Dutch Court Awards Yukos Shareholders $50 Billion, Russia Will Appeal -- The Permanent Court of Arbitration in The Hague has ordered the Russian authorities to pay the shareholders of defunct oil company Yukos $50 billion in compensation. The court held that the Russian government had acted in violation of the Energy Charter Treaty when it drove Yukos into bankruptcy and sold its assets off at fire-sale prices. Naturally, the Russian government plans to fight. [28 July]
UK Economy Returns to 2008 Levels, Mostly -- Britain's Office of National Statistics announced that the British economy grew 0.8% in the second quarter of 2014. Since the second quarter of last year, the UK's GDP is up 3.1%. That means it is now 0.2% ahead of where it was in the first quarter of 2008, the highest level reached before the financial crisis crushed many major economies. While the Coalition government officials are delighted with the milestone, many reasons exist to be less than ecstatic. [25 July]
Ukraine's Coalition Government Collapses -- The governing coalition of Ukraine has collapsed as the Udar and Svoboda parties have announced their withdrawal. While the constitution allows 30 days for a new majority coalition in the Rada [parliament] to be formed, analysts believe that is unlikely and that new elections will have to be held, most likely in October. Until then, the government of Arseniy Yatsenyuk will continue as a care-taker regime. With the continued fighting in the eastern part of the country, this is ill-timed at best. [24 July]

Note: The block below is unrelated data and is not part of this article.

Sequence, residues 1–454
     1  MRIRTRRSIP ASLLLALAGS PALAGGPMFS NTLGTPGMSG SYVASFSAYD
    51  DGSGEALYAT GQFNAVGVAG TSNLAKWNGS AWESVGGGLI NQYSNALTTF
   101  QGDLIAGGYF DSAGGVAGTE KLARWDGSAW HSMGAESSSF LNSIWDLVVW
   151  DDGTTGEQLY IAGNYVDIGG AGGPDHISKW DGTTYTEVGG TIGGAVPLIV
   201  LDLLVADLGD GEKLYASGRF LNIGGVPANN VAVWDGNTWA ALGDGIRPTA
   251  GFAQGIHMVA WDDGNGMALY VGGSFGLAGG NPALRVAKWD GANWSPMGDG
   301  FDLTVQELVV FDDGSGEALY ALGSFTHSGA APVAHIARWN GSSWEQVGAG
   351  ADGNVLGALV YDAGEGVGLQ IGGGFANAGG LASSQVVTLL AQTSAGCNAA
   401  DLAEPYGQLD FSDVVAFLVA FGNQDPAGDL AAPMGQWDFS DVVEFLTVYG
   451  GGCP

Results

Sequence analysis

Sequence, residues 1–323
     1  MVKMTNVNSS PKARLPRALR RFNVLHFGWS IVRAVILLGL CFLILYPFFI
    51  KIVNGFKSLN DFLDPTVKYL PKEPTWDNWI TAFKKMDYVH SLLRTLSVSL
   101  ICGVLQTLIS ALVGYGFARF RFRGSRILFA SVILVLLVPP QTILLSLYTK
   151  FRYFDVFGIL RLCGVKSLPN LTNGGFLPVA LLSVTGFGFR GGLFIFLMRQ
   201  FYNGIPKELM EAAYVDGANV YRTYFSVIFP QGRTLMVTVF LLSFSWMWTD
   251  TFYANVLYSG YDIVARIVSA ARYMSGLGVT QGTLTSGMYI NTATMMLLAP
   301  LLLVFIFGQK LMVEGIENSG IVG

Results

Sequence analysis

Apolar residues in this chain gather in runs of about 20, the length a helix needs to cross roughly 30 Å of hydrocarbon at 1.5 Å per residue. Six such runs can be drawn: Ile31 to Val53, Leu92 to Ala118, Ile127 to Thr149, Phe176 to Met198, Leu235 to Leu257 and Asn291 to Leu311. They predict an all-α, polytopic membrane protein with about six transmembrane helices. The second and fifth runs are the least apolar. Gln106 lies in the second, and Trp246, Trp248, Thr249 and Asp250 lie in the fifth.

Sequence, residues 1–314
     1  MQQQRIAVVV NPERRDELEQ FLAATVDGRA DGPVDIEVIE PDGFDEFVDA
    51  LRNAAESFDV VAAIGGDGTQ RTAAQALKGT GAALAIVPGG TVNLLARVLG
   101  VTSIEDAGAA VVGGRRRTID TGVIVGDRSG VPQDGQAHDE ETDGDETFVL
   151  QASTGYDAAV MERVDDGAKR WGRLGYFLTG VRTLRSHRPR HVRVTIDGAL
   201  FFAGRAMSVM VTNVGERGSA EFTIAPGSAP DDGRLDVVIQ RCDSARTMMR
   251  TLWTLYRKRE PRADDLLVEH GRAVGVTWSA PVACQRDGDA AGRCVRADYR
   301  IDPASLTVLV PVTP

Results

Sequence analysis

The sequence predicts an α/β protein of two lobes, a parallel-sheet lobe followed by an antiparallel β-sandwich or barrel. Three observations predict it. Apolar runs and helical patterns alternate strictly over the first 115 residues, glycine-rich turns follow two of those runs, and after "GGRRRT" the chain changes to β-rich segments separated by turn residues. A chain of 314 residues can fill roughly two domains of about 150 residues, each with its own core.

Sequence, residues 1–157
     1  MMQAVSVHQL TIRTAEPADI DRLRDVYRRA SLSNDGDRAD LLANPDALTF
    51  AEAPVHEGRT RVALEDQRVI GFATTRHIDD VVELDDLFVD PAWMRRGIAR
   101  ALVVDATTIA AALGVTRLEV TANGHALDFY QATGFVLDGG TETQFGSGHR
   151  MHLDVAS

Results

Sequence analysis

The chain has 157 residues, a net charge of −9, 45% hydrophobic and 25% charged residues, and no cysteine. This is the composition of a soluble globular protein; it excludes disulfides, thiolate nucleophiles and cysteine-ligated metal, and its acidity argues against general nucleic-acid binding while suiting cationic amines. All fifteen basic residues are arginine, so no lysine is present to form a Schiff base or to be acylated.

Schumer Backs Open Primaries -- New York Senator Chuck Schumer has taken to the pages of the New York Times to propose a significant change to the way America selects its political leadership. He has backed the idea of an open primary rather than party-specific primaries. In other words, every candidate competes in a single primary with the top two finishers going head-to-head in the general election. It solves a few problems, but it won't really fix America's broken political system because it isn't radical enough. [23 July]
Governor Perry Grandstands with 1,000 National Guardsmen at Border -- Governor Rick Perry has decided to make a play for the hearts and minds of American nativists by calling up 1,000 National Guardsmen to "protect the border" his state of Texas has with Mexico. This can only be an electoral ploy because it is both excessive and insufficient. The use of military assets to prevent people crossing the border makes Texas look like East Germany, and that is hardly a positive. By the same token, 1,000 troops can't do much along a 1,200-mile-long border. [22 July]
Copyright 2014 by The Kensington Review, Jeff Myhre, PhD, Editor. No part of this publication may be reproduced without written consent. Produced using Ubuntu Linux.